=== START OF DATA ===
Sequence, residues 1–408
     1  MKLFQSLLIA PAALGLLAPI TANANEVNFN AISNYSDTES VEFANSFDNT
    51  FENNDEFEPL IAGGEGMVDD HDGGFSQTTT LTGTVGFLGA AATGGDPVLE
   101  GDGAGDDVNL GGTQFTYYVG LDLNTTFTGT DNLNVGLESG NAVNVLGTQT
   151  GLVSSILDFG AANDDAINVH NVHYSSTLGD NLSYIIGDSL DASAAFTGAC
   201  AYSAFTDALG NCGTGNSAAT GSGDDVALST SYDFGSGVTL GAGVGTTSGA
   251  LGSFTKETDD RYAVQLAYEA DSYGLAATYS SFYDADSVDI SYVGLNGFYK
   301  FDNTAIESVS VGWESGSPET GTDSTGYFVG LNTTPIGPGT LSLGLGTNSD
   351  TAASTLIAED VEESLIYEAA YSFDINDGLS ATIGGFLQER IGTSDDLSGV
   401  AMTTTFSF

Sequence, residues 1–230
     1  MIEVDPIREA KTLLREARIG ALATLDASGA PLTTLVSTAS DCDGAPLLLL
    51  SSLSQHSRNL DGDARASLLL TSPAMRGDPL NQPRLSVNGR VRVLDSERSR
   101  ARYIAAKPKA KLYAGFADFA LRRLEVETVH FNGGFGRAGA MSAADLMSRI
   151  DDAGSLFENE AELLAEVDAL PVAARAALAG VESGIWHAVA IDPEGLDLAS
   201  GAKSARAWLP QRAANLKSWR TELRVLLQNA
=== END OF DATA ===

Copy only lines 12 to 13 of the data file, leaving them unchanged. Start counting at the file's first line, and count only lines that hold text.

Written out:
     1  MIEVDPIREA KTLLREARIG ALATLDASGA PLTTLVSTAS DCDGAPLLLL
    51  SSLSQHSRNL DGDARASLLL TSPAMRGDPL NQPRLSVNGR VRVLDSERSR